Hawai`i Water Commission Backtracks from Promise To Protect Maui's Water Supply

State water commission to ignore its own order


Kapua Sproat, Earthjustice (808) 599-2436, ext. 16


Jim Williamson, Maui Meadows (808) 874-6151

Late yesterday, the State Commission on Water Resource Management (“Water Commission”) announced that it is ignoring its own order mandating designation of Maui’s Waihe`e aquifer, which would subject the aquifer to the Commission’s control. In November 2002, the Commission denied Maui Meadows Homeowners Association’s petition to designate the `Ïao and Waihe`e aquifers as ground water management areas and instead adopted automatic triggers for designation. One of those triggers requires designation of the Waihe`e aquifer if the water level at the Kanoa Test Hole falls below +6 feet in elevation. The Water Commission issued a press release late yesterday announcing that new data provided by the National Geodetic Survey revealed that the elevation that the Commission was using for the altitude of the measuring point of the Kanoa Test Hole was lower than previously estimated, and current water level is actually +5 feet. Instead of complying with its own order and automatically designating the aquifer, the Commission has postponed designation at least until it can further consider its decision at its October 29, 2003 meeting – effectively backtracking from its original promise.

“I’m dismayed that the Water Commission is not immediately complying with its November 2002 order. Any action short of automatic designation of the Waihe`e aquifer is based on pure politics, not science. The Commission’s own science established that the aquifer was in trouble last November. Now that data is available establishing not only that the trigger has been met, but also that the situation is worse than any of us anticipated, the Commission still refuses to act. This is absurd!” explained Jim Williamson, Vice-President of Maui Meadows Homeowners Association.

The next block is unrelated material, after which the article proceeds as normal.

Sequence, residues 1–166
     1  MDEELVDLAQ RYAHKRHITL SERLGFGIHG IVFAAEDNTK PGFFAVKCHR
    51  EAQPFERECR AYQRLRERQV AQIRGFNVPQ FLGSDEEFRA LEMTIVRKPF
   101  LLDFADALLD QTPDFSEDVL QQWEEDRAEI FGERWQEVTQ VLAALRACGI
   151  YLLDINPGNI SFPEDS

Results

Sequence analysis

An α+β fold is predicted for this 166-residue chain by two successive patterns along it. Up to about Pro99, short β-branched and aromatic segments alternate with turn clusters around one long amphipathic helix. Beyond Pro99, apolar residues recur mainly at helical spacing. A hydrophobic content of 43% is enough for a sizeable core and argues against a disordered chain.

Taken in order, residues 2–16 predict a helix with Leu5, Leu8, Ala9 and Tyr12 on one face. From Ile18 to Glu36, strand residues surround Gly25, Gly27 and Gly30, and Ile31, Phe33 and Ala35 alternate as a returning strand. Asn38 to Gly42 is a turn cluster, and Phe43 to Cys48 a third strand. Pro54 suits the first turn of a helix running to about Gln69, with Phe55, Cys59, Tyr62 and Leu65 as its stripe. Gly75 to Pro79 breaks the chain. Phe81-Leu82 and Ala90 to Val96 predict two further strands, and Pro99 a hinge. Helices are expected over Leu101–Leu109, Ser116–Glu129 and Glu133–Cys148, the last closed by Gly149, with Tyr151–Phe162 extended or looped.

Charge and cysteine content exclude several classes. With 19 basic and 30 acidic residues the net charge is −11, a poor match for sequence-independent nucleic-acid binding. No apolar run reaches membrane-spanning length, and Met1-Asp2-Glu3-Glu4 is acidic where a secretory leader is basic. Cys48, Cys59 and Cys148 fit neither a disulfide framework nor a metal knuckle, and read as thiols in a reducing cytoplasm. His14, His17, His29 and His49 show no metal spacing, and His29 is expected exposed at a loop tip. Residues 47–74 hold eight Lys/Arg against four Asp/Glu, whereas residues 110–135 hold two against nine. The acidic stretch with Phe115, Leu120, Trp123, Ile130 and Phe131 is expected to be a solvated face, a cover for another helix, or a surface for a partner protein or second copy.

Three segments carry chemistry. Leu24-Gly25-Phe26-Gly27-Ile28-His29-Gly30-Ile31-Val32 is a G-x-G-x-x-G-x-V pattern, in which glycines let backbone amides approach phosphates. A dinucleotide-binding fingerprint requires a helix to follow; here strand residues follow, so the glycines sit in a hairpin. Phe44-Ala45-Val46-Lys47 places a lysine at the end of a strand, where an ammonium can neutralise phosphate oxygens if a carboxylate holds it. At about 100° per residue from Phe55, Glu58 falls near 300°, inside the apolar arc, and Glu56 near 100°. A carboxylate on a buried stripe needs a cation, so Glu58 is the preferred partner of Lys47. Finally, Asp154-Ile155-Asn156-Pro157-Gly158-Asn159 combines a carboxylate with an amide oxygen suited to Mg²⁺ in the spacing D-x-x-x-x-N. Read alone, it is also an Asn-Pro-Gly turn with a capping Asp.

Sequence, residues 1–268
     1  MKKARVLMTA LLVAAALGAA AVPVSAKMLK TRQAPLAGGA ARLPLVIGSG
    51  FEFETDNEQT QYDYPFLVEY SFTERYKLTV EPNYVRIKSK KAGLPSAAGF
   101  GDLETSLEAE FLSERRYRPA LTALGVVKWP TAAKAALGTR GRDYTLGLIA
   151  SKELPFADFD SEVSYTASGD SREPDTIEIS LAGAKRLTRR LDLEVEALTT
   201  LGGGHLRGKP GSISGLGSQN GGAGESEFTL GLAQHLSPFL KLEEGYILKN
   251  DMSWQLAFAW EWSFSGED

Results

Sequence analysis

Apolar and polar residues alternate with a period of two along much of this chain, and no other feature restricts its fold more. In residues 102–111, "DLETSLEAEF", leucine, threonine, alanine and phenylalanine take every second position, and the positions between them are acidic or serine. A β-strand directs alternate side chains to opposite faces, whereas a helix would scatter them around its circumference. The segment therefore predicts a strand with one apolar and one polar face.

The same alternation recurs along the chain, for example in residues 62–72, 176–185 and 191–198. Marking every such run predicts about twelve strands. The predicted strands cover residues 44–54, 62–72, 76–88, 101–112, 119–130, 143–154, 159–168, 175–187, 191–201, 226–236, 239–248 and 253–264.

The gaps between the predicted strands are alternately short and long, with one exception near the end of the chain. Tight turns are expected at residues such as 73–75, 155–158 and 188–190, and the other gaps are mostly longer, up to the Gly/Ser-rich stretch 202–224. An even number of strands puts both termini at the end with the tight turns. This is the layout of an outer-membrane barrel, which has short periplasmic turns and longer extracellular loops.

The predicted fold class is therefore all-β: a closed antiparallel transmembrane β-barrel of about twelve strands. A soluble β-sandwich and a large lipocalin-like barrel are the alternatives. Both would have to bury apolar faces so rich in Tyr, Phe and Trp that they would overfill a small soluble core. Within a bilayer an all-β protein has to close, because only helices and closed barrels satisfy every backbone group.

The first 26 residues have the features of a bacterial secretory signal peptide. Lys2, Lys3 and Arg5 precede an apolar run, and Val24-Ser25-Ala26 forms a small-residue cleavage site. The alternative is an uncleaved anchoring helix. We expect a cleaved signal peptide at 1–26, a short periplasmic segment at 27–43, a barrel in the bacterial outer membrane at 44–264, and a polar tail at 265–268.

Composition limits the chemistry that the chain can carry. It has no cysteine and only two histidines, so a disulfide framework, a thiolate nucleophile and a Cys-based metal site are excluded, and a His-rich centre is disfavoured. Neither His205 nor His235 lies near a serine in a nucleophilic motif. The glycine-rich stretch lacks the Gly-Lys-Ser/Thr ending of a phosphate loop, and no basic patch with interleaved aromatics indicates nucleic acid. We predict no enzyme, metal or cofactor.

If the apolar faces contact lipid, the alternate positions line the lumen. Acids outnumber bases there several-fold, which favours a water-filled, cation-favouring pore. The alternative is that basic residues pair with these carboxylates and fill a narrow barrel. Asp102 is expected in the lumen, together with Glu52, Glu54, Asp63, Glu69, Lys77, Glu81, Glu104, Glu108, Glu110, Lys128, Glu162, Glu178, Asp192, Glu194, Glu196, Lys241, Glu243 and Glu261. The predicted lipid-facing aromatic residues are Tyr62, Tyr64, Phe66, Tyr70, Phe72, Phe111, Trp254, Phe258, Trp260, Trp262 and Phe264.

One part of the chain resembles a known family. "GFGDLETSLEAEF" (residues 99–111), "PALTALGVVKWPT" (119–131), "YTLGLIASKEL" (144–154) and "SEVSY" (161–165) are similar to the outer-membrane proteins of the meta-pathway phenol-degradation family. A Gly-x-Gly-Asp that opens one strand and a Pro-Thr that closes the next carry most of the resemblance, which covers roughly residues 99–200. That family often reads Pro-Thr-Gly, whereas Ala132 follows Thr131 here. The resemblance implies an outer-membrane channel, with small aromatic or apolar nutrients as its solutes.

Designation is important because it is a necessary first step in controlling water use. Although the Water Commission is responsible for managing all of Hawai’i’s water resources, it has administrative control through water use permitting only in designated water management areas. Therefore, absent designation of the Waihe`e aquifer, there is practically no control over ground water pumpage.

“The health of the Waihe`e aquifer is critical to Maui’s future and its management must be taken seriously. Since we know that there are problems in Waihe`e now, if water levels are even lower than we thought, the Commission must act immediately. Under the precautionary principle, indications that natural and cultural resources may be in danger dictate protective action, not further delay. By using this new information as an opportunity to go back on its word, the Commission has it completely backward,” said Kapua Sproat an Earthjustice attorney representing Maui Meadows Homeowners Association.

Waihe`e and its neighboring `Iao aquifer provide the principal source of domestic water for the Central Maui service area, which consists of the most heavily populated portions of the island, including Central and South Maui and Pä`ia. `Ïao was designated this past July, when one of the automatic triggers were satisfied due to overpumping.

“Instead of reneging on their promise and turning their backs on the course of action needed by the resource and required by the law, we call on Peter Young and the other Water Commissioners to do their jobs and designate the Waihe`e aquifer immediately,” urged Jim Williamson, Vice-President of Maui Meadows Homeowners Association.

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